Both Direct Action and the Women’s Fire Brigade were rooted in broader social movements. The Lytton bombing had a rational base to it. It was not mindless or irrational. Direct Action pursued sabotage through property destruction. They understood sabotage as legitimate, as a form of self defense. It is needed to stop or slow down technologies that have as their aim and outcome the destruction of humanity and the planet. The cruise missile was built on a global model of decentralized production. Resistance must also be decentralized. Sabotage was viewed by Direct Action as action of last resort after other measures had failed.
In the aftermath of the Lytton Systems bombing response was heated. The blast inflicted millions of dollars of damage on the company. It was massive. But it also injured seven people.
Other anti-nuke groups condemned it. Some in the 1970s and 1980s had argued that property destruction discredited the anti-war movement. Sound familiar?
A small group of activists defended it. In/Direct Action, a supporting group, argued that activist violence was nothing compared to state violence. Private property does not have rights that supercede the needs of humans. Famed anti-war activist Philip Berrigan supported Direct Action. He maintained that Lytton Systems were the real terrorists.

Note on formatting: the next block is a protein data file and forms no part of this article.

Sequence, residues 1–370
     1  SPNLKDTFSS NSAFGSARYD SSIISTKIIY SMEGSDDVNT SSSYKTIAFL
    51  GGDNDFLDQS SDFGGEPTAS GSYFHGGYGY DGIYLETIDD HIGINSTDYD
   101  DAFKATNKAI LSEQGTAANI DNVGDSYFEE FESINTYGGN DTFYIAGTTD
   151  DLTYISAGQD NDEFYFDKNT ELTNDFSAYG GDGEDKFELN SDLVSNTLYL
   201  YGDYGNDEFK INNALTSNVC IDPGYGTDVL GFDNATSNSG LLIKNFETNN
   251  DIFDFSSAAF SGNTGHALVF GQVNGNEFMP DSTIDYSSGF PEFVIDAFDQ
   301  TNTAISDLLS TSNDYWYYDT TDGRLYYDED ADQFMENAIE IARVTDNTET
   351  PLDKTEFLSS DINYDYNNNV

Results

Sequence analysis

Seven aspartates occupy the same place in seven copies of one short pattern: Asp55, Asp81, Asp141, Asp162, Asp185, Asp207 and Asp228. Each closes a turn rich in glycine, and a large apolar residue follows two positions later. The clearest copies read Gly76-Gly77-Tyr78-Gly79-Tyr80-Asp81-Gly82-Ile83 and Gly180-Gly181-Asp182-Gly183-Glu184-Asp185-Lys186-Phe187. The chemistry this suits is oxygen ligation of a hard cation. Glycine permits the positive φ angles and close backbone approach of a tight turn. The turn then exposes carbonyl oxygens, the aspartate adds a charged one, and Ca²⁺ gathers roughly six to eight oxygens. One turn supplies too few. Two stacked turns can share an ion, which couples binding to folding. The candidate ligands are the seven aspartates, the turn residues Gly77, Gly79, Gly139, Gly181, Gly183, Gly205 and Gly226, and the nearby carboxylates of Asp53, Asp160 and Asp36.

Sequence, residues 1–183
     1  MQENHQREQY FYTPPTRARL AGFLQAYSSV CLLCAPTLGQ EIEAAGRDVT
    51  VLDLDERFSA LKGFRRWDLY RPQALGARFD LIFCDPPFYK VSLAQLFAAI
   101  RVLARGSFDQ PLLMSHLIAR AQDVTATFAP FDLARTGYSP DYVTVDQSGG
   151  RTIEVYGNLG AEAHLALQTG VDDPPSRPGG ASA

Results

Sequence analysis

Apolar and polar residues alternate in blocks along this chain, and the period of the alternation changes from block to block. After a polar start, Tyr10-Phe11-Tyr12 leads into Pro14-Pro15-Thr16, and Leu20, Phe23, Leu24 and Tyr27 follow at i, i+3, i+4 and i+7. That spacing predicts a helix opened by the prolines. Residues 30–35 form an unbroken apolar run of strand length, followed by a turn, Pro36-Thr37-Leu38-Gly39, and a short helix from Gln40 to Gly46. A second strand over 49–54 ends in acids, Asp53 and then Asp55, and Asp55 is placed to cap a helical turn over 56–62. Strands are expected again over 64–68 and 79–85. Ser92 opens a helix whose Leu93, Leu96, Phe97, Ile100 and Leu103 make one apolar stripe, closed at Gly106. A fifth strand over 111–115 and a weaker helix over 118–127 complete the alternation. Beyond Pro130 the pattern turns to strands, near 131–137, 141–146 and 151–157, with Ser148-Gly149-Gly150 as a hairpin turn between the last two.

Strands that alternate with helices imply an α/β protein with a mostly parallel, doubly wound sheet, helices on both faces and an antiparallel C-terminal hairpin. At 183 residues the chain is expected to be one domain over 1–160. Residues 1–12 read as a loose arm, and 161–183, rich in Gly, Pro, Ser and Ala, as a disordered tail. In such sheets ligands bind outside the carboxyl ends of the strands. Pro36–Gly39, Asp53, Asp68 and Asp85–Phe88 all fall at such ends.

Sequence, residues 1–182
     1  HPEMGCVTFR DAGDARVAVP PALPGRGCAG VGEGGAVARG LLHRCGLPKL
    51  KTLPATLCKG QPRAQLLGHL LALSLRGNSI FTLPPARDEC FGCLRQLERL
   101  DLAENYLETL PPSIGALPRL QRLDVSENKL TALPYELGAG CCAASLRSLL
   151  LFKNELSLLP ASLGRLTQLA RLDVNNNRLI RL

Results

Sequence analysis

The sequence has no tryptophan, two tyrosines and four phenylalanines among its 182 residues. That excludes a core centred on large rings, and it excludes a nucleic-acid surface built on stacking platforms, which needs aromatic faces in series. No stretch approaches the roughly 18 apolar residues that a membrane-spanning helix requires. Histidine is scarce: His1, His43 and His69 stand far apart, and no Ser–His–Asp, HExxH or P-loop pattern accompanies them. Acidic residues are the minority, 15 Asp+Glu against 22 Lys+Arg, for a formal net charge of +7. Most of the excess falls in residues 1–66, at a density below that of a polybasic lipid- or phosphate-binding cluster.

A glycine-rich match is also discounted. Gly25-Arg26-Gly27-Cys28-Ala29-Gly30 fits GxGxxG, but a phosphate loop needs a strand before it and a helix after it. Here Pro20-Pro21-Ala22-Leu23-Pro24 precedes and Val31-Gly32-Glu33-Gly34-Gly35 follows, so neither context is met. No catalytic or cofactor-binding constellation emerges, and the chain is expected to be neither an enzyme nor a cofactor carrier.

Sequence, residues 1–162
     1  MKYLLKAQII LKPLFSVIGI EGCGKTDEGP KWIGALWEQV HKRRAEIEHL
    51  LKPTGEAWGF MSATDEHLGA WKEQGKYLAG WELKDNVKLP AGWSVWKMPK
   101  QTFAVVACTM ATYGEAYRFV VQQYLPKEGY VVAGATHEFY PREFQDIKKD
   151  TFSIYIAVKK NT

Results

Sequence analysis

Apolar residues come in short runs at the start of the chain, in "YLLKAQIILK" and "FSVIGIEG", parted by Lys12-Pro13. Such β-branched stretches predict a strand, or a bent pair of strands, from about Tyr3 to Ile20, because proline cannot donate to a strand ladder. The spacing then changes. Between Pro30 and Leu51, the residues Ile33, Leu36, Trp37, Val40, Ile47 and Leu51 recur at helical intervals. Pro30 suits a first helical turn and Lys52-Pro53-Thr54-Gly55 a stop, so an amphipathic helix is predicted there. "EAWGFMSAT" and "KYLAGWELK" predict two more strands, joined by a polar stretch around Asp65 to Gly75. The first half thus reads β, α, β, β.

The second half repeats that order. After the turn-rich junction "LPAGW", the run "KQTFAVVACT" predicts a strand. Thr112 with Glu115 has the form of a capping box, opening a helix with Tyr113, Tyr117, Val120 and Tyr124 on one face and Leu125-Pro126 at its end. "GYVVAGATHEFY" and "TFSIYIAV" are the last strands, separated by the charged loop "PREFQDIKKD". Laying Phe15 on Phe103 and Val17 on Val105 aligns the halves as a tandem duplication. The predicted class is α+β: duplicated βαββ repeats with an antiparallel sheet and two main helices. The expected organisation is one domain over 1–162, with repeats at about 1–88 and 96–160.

Police, missing no moment to step up their violence, raided anarchist groups and spaces. Cops used violence against specific activists. It seemed, Martin noted, like simple vengeance or the settling of scores.
Notably, the bombing did not slow the anti-cruise movement. In fact, Lytton Systems lost their Pentagon contract. The bombing did not hurt or lessen dissent. There were mass protests in Canada—marches of 60,000 and 100,000 in Toronto and Vancouver.
Each of the speakers made clear that wider patterns of extremism are overlooked but are essential to why activists do what they do. State extremism. Police. And the same forces remain. Mega projects like BC Hydro’s current Site C dam project. Nuclear weapons and the belligerence of Trump. Rape culture and misogyny.
The panellists insisted that we need to take political radicalism seriously. Mining, forestry, textiles work was violence. Exploitation is a form of one way class violence suffered by workers not by the capitalist class. The IWW provides a model in its recognition that there is a need for different types of activism. And for activism that defends against systemic (state, police, fascist) violence. It was left unspoken that punching fascists is both rational and necessary.